The whole Baby Boomer/Generation X/Generation Doofus nomenclature has always struck me as just a marketing tool, especially since so many people seem to be barely left out of categorization. My parents, born in 1944 and 1945, missed inclusion in the Baby Boom (beginning in 1946). I was born in 1974, and it was unclear for quite a while whether I fit into Generation X or not. Now generation labels are thrown around all over the place.
Here’s an interesting test to determine your generation based on technology usage rather than date of birth–it makes more sense to group avid Wii-players together than just people born between Year A and Year B. As an example, I was at Ikea a few weeks ago and was mystified by a teenage girl who, while examining fabric samples and talking to her mother, was furiously writing text messages (“texting,” as the kids say) on her phone at a remarkable rate. It seemed like super-human multitasking.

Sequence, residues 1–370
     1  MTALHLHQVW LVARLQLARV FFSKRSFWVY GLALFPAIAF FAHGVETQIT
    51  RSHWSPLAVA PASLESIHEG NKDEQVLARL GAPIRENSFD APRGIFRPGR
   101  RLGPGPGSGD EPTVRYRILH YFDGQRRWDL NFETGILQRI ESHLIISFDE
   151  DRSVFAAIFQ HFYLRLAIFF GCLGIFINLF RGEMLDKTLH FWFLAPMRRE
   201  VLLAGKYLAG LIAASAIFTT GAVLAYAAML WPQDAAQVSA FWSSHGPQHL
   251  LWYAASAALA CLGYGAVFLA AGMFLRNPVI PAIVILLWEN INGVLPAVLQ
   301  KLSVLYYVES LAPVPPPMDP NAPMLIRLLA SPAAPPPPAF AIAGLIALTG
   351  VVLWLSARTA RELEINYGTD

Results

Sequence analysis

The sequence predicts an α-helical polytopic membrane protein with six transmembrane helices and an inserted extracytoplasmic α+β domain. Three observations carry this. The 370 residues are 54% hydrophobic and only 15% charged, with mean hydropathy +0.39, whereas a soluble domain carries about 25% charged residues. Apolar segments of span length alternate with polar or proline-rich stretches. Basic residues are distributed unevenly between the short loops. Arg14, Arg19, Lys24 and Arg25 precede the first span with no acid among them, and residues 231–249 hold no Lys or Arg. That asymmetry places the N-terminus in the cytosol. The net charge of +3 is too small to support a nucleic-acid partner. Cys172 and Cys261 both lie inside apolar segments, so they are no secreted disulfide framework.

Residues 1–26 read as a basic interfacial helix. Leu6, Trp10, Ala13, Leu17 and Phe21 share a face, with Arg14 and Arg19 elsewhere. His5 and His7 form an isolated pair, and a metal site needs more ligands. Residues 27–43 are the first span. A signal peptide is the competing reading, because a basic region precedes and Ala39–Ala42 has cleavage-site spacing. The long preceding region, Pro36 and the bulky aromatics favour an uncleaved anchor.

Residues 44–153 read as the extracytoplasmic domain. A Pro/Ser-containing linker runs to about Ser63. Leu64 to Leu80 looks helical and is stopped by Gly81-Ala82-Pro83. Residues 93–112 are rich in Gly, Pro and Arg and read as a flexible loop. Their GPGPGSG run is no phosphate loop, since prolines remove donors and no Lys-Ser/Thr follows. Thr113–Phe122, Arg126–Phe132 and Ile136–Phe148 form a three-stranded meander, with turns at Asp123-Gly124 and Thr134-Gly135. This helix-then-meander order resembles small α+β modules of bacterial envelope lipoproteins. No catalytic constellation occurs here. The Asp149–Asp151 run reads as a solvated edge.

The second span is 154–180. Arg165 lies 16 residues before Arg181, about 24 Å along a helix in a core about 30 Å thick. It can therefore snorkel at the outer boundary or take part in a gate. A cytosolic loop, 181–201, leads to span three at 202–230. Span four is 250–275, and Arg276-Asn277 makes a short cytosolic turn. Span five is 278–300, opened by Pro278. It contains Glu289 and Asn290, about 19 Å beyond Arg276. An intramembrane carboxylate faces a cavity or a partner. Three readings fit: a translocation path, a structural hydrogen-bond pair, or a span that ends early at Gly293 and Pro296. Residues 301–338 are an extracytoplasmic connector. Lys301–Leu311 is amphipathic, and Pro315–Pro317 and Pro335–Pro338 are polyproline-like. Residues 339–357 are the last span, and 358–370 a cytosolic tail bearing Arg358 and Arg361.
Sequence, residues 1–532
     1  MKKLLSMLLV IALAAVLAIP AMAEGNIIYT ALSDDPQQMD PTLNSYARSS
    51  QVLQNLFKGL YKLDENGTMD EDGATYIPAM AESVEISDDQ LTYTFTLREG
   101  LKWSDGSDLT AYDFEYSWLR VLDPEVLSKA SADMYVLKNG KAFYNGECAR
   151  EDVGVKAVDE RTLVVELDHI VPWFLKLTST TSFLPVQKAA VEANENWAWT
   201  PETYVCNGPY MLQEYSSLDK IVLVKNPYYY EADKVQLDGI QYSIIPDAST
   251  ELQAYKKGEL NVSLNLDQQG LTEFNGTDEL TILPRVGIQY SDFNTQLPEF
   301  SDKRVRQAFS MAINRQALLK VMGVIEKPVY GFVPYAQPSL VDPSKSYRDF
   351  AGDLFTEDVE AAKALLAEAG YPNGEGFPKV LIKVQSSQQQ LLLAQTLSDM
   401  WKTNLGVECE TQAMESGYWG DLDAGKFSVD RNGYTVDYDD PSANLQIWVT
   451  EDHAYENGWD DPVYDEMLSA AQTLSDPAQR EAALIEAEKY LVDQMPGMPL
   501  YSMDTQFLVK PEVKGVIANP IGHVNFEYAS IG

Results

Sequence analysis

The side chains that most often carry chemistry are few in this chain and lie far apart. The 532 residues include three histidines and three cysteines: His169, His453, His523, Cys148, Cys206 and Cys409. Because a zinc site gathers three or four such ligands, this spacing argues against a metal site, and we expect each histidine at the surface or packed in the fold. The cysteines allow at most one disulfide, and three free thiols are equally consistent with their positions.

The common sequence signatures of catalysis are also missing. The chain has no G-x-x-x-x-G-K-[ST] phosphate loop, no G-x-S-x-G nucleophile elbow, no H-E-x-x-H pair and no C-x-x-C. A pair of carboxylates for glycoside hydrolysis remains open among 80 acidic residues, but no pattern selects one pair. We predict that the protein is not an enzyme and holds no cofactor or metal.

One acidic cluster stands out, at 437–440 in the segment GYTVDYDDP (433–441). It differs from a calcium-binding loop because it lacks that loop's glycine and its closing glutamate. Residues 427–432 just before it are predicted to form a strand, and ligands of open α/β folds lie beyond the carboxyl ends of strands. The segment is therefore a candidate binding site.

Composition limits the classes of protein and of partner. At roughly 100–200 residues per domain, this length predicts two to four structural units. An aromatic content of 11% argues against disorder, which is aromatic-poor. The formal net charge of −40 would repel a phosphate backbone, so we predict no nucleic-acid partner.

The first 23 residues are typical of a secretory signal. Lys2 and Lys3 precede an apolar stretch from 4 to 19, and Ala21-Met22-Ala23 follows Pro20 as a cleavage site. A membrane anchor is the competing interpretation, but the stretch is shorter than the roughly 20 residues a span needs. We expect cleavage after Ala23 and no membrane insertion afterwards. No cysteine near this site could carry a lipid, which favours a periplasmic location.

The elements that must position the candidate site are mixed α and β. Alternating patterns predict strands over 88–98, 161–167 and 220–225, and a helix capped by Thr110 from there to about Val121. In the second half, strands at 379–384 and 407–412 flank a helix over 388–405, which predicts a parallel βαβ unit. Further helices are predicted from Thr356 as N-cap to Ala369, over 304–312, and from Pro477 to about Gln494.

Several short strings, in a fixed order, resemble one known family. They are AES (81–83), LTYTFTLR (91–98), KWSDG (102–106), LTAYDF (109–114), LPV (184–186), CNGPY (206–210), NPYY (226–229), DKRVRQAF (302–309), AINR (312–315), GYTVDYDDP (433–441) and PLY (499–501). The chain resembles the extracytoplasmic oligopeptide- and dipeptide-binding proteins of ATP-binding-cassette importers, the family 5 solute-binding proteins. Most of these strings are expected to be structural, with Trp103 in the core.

I wore through a Nirvana cassette in high school and once broke a closet rod because of all the plaid flannel shirts I owned–that must merit inclusion in Generation X, right? Plus, I think a great many recent technological advances are stupid (HD television, mostly–a topic I’ll expound upon in a later post.) I feel more Generation X than Y (although I never participated in a mosh pit), so maybe I’ll just split the difference and say I’m part of Generation X.5.
Join us. We have coffee.